To Braddy’s eyes, a nation where 90 percent of households own at least one automobile is no more alarming than the widespread ownership of cellular phones, laptop computers, and washing machines. “I don’t see dependency,” Braddy said. “I see utility and quality of life.”
Rather than having highways cross-subsidize transit, Braddy, like Korin, is a proponent of Mobility Vouchers, a mode-neutral subsidy to low-income earners, giving them extra cash to spend on their choice of transit, car-sharing, van-pooling, or any other form of transportation. This would presumably eliminate some equity issues raised by hiking transit fares on underutilized lines, and the free market would take it from there — and, sure, that extra cash could go toward the lease or purchase of an automobile, too.
Furthermore, he elaborated, transit is a messy, smelly, potentially dangerous way to get around, as evidenced by a montage of newspaper headlines describing indecent behavior on buses and subways. (That’s where Lind couldn’t take it anymore. “Where are the headlines about people killed in car accidents?” he bellowed on his way out. After all, almost 33,000 people died on America’s roads last year. His point is well taken.)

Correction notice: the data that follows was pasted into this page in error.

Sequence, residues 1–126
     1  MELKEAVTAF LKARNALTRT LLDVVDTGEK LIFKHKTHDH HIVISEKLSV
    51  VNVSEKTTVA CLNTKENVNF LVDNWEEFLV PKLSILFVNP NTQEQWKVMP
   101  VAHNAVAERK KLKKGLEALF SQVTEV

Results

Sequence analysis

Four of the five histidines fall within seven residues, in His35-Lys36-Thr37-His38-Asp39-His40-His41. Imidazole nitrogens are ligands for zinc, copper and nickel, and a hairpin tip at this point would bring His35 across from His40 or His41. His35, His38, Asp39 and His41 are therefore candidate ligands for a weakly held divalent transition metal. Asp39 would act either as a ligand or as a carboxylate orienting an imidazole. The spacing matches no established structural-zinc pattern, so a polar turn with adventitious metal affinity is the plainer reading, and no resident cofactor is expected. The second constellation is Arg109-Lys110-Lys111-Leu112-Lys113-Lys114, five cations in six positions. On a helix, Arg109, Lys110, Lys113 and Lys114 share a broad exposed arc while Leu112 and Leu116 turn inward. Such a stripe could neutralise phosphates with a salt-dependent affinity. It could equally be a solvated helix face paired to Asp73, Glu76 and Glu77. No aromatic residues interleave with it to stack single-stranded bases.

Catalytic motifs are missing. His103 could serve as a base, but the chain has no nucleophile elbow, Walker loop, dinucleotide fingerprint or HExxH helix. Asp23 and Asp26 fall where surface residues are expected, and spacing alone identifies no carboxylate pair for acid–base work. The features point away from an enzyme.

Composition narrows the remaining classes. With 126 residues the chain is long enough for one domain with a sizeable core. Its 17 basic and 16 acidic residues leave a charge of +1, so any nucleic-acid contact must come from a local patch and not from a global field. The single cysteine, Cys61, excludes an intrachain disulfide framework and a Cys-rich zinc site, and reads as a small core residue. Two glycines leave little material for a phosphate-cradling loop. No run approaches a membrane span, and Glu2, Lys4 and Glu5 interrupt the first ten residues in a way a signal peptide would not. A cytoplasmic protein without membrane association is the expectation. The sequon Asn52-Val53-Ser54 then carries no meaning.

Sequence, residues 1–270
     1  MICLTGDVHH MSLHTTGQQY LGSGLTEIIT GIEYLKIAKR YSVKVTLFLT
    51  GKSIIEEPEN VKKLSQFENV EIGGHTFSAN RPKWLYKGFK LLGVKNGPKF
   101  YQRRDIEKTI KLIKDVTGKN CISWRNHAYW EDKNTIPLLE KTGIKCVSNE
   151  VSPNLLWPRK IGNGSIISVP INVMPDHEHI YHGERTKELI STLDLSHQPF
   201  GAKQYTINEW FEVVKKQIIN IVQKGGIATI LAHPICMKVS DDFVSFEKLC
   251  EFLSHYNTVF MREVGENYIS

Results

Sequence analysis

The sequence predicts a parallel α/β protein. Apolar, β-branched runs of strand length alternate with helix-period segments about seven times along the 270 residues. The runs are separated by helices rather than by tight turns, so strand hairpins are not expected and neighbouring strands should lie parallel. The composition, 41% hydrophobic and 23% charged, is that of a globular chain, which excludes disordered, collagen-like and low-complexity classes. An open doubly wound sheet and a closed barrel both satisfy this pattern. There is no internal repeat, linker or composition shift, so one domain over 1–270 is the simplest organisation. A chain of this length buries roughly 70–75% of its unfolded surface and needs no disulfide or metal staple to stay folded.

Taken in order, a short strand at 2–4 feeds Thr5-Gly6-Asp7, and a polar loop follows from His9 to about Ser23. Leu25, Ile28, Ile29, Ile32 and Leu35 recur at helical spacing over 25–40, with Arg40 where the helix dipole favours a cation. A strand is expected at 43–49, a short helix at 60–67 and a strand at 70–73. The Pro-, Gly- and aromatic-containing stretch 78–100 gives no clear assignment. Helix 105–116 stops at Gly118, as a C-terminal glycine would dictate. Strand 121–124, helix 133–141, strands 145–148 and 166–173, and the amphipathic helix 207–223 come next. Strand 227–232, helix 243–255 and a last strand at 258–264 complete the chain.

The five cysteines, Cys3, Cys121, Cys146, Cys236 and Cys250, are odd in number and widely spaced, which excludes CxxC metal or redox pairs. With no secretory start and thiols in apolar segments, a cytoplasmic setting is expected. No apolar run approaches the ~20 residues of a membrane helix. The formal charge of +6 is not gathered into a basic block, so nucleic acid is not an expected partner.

“We at the American Conservative Center for Public Transportation absolutely and unequivocally support federal dollars, including from the Highway Trust Fund, for mass transit,” Lind’s colleague Glen Bottoms told me later in an email. (Perhaps illustrating Braddy’s equation of cars with other useful technology, Lind possesses neither an email address nor a computer.) “The mantra that the gas tax is a user fee is merely a guise for the highway lobby to justify consuming all available transportation dollars.”
Conspicuously absent from much of the discussion about transit was Korin’s initial point about pricing: If one mode is indeed underpriced, what would happen to modal split if prices suddenly reflected true costs? Finally, Darnell Grisby, director of policy development and research for the American Public Transportation Association, made the point that just as there are benefits to transit that aren’t quantified as such, the lack of transit carries unquantified costs.